Super Subcultures

Echoes of the Mexican Mafia in the Bronx

A photographer gets up close and personal with the Sureños gang.

Echoes of the Mexican Mafia in the Bronx

In 2010 a coworker introduced me to Rene, a member of the “Sureños” gang in the Bronx. Made up of first and second generation Mexican-Americans, they claim “Sur 13” from the older, more established Chicano gangs in California and have adopted the cholo gangster style popular there. Sureños (sur means south in Spanish) are a loosely affiliated conglomeration of street gangs connected to the Mexican Mafia prison gang. In the Bronx, the group’s numbers are small. Although they are involved in small-scale crimes and gang warfare, at the time I met them they hadn’t risen to the level of organized criminality of their affiliates on the West Coast. They told me how Mexicans are often looked down upon in the cultural hierarchy here in New York, that street gangs target them because they are known to work for cash as laborers or in the service industry and don’t have the protection citizenship papers provide. They are looked at as easy targets with no community recourse. These guys wanted to change those dynamics.

A member of the crew rides down Sixth Avenue in the Mexican Day Parade. Cholo culture has successfully ingrained itself in the Chicano and Mexican-American identity.
A member of the crew rides down Sixth Avenue in the Mexican Day Parade. Cholo culture has successfully ingrained itself in the Chicano and Mexican-American identity.
Rene and his youngest daughter at the Mexican Day Parade in Manhattan. Rene, originally from Puebla, Mexico, has three kids who were born in New York.
Rene and his youngest daughter at the Mexican Day Parade in Manhattan. Rene, originally from Puebla, Mexico, has three kids who were born in New York.
A group of Sureños throw up their hand signs at the Mexican Day Parade. The majority of the members hold regular jobs, mostly in the labor and service industry.
A group of Sureños throw up their hand signs at the Mexican Day Parade. The majority of the members hold regular jobs, mostly in the labor and service industry.
A young member of the Sureños shows his belly tattoo in a backyard in the Bronx. Sureño is a distinction given to a variety of street gangs in Southern California.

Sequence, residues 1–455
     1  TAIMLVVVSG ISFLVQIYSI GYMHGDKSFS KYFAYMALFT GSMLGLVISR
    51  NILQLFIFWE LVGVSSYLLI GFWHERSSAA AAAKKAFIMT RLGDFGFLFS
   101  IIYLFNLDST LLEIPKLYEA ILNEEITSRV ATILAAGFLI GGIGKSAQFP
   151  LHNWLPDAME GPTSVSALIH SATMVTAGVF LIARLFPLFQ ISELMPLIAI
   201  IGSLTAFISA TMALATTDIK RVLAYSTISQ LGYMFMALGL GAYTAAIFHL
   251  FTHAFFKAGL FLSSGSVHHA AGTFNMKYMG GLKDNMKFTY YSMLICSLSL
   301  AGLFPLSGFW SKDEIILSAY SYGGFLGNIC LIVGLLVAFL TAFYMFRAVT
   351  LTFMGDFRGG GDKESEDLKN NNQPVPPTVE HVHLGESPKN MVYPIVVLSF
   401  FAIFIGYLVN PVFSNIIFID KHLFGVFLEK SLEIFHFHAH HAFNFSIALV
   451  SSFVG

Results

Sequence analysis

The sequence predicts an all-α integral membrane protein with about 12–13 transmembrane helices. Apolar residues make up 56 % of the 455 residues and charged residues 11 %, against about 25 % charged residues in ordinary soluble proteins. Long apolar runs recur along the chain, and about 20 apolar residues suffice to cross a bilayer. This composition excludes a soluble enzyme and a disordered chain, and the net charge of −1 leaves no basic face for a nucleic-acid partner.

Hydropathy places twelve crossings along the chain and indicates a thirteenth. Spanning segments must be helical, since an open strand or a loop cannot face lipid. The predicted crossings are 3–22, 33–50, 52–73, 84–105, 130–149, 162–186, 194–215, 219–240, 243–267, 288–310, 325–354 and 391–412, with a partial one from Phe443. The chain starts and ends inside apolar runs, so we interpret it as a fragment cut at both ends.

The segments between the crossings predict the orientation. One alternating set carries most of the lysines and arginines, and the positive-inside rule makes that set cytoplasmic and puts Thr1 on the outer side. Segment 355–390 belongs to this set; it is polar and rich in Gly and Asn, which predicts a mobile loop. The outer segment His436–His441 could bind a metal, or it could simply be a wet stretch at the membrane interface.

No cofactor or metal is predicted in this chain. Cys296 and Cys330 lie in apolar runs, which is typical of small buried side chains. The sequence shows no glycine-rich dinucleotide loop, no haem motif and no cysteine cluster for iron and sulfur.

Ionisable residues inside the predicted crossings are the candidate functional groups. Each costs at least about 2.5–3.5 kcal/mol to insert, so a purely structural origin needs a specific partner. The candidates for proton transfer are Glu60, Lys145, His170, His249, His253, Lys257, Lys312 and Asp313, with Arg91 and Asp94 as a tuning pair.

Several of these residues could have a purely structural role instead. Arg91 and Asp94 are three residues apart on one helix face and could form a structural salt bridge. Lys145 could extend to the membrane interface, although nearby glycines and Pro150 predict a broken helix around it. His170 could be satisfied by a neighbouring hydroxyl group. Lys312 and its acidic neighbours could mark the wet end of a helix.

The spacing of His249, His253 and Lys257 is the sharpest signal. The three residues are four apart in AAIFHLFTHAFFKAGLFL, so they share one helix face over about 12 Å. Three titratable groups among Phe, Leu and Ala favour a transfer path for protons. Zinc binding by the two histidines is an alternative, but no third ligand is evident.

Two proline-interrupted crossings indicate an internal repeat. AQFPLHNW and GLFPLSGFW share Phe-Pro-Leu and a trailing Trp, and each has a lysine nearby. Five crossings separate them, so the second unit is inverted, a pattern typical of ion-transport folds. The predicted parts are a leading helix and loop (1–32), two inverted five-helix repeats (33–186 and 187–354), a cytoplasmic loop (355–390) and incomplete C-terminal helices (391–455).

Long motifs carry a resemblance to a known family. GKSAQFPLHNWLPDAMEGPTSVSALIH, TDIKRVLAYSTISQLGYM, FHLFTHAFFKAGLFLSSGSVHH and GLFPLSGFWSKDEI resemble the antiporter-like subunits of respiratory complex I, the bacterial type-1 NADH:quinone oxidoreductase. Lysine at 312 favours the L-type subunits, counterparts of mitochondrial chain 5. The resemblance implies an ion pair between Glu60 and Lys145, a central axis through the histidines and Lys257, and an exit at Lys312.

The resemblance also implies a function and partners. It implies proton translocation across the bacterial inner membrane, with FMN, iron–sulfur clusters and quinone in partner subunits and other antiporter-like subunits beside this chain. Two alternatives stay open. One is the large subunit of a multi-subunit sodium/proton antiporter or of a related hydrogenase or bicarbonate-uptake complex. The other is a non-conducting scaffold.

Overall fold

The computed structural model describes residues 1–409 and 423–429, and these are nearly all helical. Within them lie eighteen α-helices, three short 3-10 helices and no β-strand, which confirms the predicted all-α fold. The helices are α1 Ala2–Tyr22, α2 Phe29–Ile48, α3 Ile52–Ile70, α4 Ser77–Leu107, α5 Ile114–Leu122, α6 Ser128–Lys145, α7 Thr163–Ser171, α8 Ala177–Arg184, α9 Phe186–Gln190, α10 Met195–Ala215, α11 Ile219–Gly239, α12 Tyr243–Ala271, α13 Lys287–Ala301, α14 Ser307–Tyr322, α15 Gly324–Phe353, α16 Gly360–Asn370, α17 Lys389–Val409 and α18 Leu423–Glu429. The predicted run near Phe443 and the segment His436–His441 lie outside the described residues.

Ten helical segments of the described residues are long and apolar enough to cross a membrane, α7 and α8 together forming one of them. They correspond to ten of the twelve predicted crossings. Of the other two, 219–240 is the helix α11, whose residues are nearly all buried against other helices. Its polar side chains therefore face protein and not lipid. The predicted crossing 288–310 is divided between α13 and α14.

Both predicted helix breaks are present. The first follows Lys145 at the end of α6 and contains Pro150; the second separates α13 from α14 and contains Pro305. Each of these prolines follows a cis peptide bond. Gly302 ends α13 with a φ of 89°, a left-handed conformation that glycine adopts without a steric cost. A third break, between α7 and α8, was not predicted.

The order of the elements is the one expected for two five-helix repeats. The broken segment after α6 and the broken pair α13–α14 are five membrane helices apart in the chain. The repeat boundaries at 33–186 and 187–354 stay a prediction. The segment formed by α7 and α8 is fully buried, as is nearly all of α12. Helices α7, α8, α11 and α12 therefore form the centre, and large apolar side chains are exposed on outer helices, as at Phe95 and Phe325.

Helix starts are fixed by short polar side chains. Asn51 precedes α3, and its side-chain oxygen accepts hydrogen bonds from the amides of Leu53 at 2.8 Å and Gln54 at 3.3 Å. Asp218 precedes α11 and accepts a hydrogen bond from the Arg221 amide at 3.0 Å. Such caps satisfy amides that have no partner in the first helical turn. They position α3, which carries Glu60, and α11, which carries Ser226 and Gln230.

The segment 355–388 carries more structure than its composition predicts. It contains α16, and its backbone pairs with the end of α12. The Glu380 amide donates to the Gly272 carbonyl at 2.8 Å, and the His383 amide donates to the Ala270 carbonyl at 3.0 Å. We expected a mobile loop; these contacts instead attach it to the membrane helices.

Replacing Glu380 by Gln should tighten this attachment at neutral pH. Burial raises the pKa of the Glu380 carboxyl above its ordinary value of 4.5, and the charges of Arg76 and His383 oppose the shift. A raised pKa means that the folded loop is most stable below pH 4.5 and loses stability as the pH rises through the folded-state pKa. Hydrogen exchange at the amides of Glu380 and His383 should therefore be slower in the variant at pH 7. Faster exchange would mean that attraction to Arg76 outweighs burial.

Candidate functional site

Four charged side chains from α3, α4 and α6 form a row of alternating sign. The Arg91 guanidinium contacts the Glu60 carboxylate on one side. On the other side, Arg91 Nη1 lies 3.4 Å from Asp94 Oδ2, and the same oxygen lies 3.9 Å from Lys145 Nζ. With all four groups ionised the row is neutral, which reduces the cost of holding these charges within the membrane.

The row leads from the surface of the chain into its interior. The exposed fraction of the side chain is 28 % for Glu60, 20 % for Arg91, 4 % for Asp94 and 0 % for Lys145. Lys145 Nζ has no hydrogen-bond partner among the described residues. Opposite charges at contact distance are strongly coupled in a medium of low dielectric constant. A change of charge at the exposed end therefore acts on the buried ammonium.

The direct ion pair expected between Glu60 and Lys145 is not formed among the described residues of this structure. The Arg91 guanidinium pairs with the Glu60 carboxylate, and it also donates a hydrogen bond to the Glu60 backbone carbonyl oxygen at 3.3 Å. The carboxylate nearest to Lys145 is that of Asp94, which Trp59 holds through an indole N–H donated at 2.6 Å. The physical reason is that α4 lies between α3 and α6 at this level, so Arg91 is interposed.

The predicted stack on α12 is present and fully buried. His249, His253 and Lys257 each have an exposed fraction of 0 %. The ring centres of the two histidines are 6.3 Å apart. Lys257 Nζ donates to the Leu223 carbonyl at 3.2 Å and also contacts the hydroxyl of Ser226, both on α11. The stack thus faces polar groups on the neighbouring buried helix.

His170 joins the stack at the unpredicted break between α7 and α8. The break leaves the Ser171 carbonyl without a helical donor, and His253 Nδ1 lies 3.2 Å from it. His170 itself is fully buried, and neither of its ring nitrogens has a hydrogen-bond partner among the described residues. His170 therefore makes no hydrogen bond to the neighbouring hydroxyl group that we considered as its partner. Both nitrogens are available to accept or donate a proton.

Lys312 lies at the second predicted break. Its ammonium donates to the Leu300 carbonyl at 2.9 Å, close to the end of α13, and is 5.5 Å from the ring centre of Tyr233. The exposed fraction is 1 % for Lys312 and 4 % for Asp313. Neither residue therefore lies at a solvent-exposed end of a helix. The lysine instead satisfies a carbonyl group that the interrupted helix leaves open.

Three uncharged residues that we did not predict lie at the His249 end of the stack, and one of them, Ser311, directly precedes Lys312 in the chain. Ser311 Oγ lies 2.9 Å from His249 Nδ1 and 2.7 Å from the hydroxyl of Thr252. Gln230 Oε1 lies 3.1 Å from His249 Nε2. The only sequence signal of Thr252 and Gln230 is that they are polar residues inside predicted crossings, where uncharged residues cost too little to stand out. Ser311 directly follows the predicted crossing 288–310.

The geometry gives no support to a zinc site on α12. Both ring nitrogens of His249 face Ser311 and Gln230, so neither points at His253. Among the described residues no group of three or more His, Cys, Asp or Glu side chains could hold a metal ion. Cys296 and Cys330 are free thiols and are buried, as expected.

A young member of the Sureños shows his belly tattoo in a backyard in the Bronx. Sureño is a distinction given to a variety of street gangs in Southern California.
Rene was born in Puebla, Mexico, and came to New York in the late 2000's. He is now back in Puebla.
Rene was born in Puebla, Mexico, and came to New York in the late 2000’s. He is now back in Puebla.
Lobo tattoos one of the members of the group.
Lobo tattoos one of the members of the group.
A tattoo of the Aztec calendar on Lobo's back. Lobo is a talented tattoo artist who does most of the group's work.
A tattoo of the Aztec calendar on Lobo’s back. Lobo is a talented tattoo artist who does most of the group’s work.
Angel and Rene joke around at the Mexican Day Parade.
Angel and Rene joke around at the Mexican Day Parade.
Rene hangs out while his eldest daughter plays in his backyard. Most of the younger members live with their families in the Bronx or Brooklyn.
Rene hangs out while his eldest daughter plays in his backyard. Most of the younger members live with their families in the Bronx or Brooklyn.
A young member of the Sureños shows the "13" tattoos on his eyelids, The 13 comes from the 13th letter in the alphabet, M, which refers to La Eme, or the Mexican Mafia, a prison gang that originated in California prisons in the '60s.
A young member of the Sureños shows the “13” tattoos on his eyelids, The 13 comes from the 13th letter in the alphabet, M, which refers to La Eme, or the Mexican Mafia, a prison gang that originated in California prisons in the ’60s.